We are met in convention in Boston, a city known for its greatness for over three hundred years. In the period of its existence, many event have occurred that have received their impetus from happenings in and around this area. Its growth has equaled its greatness, for today Boston has the largest population of any of the state capitals.
"Proper" is an adjective that has been applied to Bostonians, but you may be sure that Bostonians have never construed "Proper" to mean stuffy or unchanging. This city and its environs have been the starting point for great social upheavals, as well as more quiet undertakings that have left their mark on society. In the course of our sessions here in Boston, we will be called upon to make a decision that will be far reaching in its effect on the body pharmaceutic and through this, on all of society. I sincerely hope that all of us become imbued with the spirit of Boston, so that whatever action we take will be judged "Proper" in every sense of the word.
If environment has any effect on the action of men, I would say that we remained away from Boston far too long, for this is our first visit to this city in forty-three years. Had we made Boston a more frequent stop on our convention schedule, and if the total effect of the Boston environment could be measured, perhaps this far reaching decision of 1954's session would be behind us.
Yes, forty-three years is a long time to be away from Boston, but this is how the record stands. The most recent meeting of the American Pharmaceutical Association was held here in 1911. The old Conference of Pharmaceutical Faculties met here at the same time.
At that time, there was no American Association of Colleges of Pharmacy, the Conference served in its stead. There is one thing that stands out from the records of that meeting of forty-three years ago -- pharmaceutical education had its problems in those days, just as it has its problems today.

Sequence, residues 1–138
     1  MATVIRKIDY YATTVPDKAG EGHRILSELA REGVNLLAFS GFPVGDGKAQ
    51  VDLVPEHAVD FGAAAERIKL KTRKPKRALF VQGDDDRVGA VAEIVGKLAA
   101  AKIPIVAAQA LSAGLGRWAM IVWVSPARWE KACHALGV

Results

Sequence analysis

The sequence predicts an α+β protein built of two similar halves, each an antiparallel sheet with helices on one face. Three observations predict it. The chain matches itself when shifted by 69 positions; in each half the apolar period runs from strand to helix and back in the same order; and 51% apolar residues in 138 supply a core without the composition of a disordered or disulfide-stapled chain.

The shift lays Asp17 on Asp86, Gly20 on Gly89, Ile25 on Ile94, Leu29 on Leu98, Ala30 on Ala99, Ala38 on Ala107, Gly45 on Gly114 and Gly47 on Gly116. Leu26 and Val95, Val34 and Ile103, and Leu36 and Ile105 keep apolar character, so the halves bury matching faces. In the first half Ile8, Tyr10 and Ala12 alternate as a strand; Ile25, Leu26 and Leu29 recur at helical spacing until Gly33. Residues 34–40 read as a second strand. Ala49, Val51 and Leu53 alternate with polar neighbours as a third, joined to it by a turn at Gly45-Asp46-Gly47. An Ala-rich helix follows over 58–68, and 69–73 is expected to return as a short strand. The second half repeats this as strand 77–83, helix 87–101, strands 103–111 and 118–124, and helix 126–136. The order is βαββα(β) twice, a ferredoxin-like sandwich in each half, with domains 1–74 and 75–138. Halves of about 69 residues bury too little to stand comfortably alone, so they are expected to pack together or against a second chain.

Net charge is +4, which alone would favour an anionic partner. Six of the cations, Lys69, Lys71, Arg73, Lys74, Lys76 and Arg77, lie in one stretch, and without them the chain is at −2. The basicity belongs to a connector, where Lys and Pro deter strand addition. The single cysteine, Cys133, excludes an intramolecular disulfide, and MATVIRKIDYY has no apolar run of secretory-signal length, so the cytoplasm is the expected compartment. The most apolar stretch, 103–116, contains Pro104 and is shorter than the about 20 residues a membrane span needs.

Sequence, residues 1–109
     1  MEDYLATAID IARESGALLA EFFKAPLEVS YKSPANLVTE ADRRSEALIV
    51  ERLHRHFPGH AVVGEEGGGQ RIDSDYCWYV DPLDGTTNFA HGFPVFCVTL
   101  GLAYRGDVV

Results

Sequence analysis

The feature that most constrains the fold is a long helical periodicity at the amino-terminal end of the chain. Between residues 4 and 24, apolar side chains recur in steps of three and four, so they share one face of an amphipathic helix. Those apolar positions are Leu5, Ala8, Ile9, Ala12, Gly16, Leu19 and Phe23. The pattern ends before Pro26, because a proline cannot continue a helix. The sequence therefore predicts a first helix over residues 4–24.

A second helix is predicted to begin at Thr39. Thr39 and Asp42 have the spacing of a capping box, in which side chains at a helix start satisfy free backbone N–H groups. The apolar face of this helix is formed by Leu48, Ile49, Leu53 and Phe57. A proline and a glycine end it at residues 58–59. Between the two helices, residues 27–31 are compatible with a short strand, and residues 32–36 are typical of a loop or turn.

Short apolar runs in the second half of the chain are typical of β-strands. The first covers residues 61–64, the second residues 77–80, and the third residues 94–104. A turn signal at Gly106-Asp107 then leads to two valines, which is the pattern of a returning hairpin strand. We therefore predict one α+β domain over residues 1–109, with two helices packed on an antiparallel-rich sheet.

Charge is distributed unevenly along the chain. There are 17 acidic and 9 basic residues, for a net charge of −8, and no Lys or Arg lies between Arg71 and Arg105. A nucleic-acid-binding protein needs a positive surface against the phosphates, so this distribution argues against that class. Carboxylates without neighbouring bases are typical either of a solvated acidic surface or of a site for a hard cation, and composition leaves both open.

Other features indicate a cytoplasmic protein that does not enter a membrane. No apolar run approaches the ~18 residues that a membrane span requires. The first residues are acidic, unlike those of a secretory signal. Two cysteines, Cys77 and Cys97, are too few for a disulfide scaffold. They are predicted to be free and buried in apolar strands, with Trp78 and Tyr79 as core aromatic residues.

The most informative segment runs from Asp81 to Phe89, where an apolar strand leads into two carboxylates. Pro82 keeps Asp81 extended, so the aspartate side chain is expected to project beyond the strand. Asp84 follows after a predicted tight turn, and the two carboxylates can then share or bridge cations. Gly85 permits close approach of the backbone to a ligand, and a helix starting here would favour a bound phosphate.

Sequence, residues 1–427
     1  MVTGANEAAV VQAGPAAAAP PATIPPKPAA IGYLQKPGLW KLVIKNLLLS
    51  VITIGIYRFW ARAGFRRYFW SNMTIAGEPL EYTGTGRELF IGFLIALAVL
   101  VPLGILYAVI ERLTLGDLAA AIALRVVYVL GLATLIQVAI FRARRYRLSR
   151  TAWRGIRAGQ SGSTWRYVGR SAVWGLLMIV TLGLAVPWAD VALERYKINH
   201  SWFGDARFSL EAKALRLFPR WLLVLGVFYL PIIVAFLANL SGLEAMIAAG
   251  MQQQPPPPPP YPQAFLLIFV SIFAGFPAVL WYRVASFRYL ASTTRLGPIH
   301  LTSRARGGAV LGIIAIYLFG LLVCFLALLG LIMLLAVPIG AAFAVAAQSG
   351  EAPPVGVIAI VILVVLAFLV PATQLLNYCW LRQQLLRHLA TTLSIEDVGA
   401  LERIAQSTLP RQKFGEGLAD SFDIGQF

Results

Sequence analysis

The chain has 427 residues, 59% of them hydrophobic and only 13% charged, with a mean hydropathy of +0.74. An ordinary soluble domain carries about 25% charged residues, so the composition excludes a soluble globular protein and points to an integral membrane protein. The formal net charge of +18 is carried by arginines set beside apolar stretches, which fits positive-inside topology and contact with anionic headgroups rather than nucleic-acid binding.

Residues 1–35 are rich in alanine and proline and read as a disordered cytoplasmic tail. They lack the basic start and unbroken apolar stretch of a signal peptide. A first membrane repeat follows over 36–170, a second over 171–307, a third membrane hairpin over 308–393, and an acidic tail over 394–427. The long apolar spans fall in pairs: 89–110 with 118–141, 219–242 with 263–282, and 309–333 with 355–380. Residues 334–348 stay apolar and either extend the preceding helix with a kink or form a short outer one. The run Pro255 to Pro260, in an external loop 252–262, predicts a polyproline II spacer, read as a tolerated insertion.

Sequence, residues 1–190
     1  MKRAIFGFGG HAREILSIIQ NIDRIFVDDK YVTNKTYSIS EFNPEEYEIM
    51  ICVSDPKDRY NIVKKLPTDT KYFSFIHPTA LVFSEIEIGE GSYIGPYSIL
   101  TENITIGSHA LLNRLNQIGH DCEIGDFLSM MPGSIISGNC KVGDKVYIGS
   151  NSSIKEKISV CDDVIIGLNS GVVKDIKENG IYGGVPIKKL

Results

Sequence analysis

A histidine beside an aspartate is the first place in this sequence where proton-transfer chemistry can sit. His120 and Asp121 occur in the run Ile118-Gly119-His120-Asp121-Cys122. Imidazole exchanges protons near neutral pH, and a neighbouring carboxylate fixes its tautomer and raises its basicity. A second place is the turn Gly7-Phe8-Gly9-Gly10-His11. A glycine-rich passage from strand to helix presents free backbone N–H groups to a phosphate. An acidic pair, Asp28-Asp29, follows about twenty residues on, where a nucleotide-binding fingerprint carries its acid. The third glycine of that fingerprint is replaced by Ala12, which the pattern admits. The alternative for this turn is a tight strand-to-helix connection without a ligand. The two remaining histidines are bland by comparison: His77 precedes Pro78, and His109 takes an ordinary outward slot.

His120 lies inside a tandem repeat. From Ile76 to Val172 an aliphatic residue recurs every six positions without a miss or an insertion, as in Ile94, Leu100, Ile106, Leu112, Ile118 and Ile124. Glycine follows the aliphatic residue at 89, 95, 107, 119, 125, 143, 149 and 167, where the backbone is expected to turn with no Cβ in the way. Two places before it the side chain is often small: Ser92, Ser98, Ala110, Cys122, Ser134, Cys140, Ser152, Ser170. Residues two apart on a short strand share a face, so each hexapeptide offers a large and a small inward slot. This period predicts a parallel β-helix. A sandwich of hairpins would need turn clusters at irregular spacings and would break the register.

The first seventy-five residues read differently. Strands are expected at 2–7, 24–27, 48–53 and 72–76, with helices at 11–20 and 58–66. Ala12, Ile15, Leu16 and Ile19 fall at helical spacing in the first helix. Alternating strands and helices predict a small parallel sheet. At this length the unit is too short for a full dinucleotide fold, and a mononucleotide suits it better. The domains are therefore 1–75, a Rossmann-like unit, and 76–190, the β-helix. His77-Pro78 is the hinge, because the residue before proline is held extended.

The major problem at that time was the implementation of an agreement that each and every school of pharmacy was "pledged to demand of (its) matriculants a minimum of one year of completed high school or its equivalent." J. O. Schlotterbeck, in his presidential address given at the American Conference of Pharmaceutical Faculties said,
"This step constitutes an epoch in our history and ought to be one of the bright spots of our history."
I do not believe that I need to dwell on the problems that pharmaceutical education is faced with today. I am going to take a few moments of my time to state that the history making step of 1911 was every bit as overwhelming in some minds of that time, as is the decision that we must make in 1954 in reference to the extension of the educational requirements of our pharmacy matriculants.
There has been published a voluminous amount of material in the pharmaceutical press presenting both sides of the so-called "five-year" program. In addition, the problem has been discussed at great length for several years past at district meetings of the A.A.C.P. and N.A.B.P., at many county, state and national associations of pharmacists, and in fact, wherever pharmacists and educators gather.